The Analysis of Weak Rock Using the Pressuremeter
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The pressuremeter is a versatile <italic>in situ</italic> testing instrument capable of testing a large range of materials from very soft clay to weak rock. Due to limitations of other testing devices, the pressuremeter is one of the few instruments capable of capturing stiffness and strength properties of weak rock. However, data collected is only useful if the material tested is properly modeled and desirable material properties can be obtained. While constitutive models with various flows rules have been developed for pressuremeter analysis in soil, less research has been directed at model development for pressuremeter tests in weak rock. The result is pressuremeter data collected in rock is typically analyzed using models designed for soil. The aim of this study was to explore constitutive rock models for development into a pressuremeter framework. Three models were considered, with two of those three implemented for pressuremeter analysis. A Mohr-Coulomb model with a tensile cutoff developed by Haberfield (1987) and a Hoek-Brown model initiated by Yang <italic>et al</italic> (2011) and further developed by the author were implemented and calibrated against a data set of pressuremeter tests from 5 project test sites including a total of 115 pressuremeter tests in a number of different rock formations. Development of a multiscale damage model established by Kondo <italic>et al</italic> (2008) was explored. However, this model requires further development to be used for pressuremeter data analysis.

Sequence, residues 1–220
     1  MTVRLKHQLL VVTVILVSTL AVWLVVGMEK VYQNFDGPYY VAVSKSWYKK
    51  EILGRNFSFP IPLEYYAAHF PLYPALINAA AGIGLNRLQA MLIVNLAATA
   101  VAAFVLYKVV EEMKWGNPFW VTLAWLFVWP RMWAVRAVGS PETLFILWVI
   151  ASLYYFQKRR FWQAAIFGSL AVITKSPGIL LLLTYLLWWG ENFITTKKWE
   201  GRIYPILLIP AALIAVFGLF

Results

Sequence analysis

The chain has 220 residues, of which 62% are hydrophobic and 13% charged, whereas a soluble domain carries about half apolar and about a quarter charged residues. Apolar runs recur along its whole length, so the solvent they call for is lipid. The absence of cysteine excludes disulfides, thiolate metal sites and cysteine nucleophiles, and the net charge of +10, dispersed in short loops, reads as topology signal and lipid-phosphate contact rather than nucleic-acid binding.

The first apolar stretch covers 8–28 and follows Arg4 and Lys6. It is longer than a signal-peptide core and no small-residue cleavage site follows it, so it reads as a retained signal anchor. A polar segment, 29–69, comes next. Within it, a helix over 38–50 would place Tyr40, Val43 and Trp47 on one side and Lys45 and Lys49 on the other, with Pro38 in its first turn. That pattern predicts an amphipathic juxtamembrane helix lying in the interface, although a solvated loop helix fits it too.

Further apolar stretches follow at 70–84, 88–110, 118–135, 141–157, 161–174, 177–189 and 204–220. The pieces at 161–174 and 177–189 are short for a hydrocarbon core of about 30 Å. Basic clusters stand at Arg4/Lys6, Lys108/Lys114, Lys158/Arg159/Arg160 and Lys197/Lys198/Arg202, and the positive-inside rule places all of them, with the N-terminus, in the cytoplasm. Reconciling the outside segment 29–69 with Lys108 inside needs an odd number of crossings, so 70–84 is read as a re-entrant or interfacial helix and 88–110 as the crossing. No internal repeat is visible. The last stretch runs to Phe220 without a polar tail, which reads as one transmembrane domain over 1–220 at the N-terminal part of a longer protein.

- Civil engineering